NEW YORK — Thousands of people marched through New York City's streets again Sunday to protest racism and police brutality, but after a peaceful weekend the city appeared ready to begin a march back toward normalcy after three months of quarantines and nearly two weeks of civil unrest.
Mayor Bill de Blasio lifted the city’s 8 p.m. curfew ahead of schedule after several days free of the clashes or ransacking of stores that rocked the city days earlier.
Some of the marches Sunday took on a celebratory feel and tensions between demonstrators and police were noticeably eased.
As hundred of protesters stood chanting in front of police officers outside Brooklyn's Barclays Center as night fell, officers looked on, standing relaxed and without riot helmets that were standard-issue earlier in the week.
Some officers a few blocks away were even smoking cigars. Others posed for photos with vest-wearing bikers. At one point, police moved barricades so protesters could approach the Trump International Hotel and Tower in midtown Manhattan.
“I want to thank everybody who has expressed their views peacefully," de Blasio said Sunday morning. “I made the decision to end the curfew. And honestly, I hope it’s the last time we will ever need a curfew in New York City.”
The curfew, New York's first in decades, had been set to remain in effect through early Monday morning, with officials planning to lift it at the same time the city enters the first phase of reopening after nearly three months of shutdowns because of the coronavirus.
The move to end it early followed New York City police pulling back on enforcing the curfew Saturday as thousands took to the streets for another day of marches and rallies sparked by the May 25 death of George Floyd in Minneapolis.
Catherine Corien, a 60-year-old dental hygienist in Brooklyn, held off attending protests all week because she was afraid of catching the virus, but she stood near the back of a protest in Bed-Stuy on Sunday wearing a mask and keeping some distance from other protesters.
“I’m very concerned, but at the same time, a lot of people, if they are like me and decided to stay home, nothing would have happened,” she said.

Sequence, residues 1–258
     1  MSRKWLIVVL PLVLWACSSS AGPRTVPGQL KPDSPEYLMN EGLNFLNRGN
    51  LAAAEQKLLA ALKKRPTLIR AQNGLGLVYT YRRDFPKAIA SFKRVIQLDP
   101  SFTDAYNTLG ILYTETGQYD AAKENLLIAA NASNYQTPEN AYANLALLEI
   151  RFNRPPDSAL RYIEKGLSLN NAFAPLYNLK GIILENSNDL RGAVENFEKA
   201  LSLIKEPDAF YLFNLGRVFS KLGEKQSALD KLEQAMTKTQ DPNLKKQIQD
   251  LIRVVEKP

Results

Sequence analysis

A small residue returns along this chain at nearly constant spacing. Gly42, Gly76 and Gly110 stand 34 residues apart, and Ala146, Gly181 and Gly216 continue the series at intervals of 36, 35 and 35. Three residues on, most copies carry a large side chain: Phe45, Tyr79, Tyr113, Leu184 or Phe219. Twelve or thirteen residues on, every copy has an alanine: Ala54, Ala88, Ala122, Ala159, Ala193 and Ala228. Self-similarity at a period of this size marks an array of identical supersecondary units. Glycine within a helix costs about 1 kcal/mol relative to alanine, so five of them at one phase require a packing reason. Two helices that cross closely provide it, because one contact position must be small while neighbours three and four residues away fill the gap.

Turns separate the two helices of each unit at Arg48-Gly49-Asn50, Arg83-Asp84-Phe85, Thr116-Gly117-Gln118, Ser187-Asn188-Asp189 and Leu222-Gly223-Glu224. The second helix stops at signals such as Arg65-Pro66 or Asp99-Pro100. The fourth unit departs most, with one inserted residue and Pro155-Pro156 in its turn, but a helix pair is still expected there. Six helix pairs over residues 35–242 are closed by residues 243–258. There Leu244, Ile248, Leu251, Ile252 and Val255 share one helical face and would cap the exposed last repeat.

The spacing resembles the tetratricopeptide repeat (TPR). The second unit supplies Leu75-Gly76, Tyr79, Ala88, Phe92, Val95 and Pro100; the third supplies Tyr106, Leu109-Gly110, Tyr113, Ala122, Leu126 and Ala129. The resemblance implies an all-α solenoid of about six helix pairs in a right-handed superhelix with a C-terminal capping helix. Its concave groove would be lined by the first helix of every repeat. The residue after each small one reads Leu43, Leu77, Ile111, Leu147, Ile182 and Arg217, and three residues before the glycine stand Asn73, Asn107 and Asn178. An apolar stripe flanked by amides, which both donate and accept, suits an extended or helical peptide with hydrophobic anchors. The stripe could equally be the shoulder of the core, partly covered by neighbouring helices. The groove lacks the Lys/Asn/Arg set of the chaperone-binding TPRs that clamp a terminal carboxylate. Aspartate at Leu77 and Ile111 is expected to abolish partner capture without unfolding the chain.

Brandon Watts, a black pastor at Epiphany Church in Brooklyn, mandated that participants wear a mask at a “Pray & Protest” march he organized Sunday with several other churches. Attendees were offered free coronavirus testing at one of the participating churches.
“COVID-19 hit the inner city harder than anybody else,” Watts said. “And so we have to be very careful. We’re the only ones in a pandemic within a pandemic.”
De Blasio said police had arrested just four people and issued 24 court summonses during Saturday's protest. There were more than 2,000 arrests made through Friday morning, with the largest number coming on Sunday and Monday, when hundreds were arrested as the police tried to control crime in Manhattan’s shopping districts.
Local politicians and civil liberties advocates had called for an end to the 8 p.m. curfew, complaining that it causes needless friction when officers try to enforce it. But de Blasio had initially insisted the curfew would remain in place throughout the weekend.
Civil liberties organizations had threatened to sue if the curfew was extended beyond Sunday.
The end of the curfew comes as New York City prepares to begin reopening some businesses Monday, including manufacturing and construction companies, wholesalers and retailers.
Between 200,000 and 400,000 people are expected to head back to the workplace Monday in the city.
New York Gov. Andrew Cuomo reiterated his call for people who have attended the protest marches to get tested for the coronavirus.
”Get a test. Get a test,” the governor said Sunday, adding that the state planned on opening 15 testing sites dedicated just to protesters so they can get results quickly. “I would act as if you were exposed, and I would tell people you are interacting with, assume I am positive for the virus.”
Jake Seiner, The Associated Press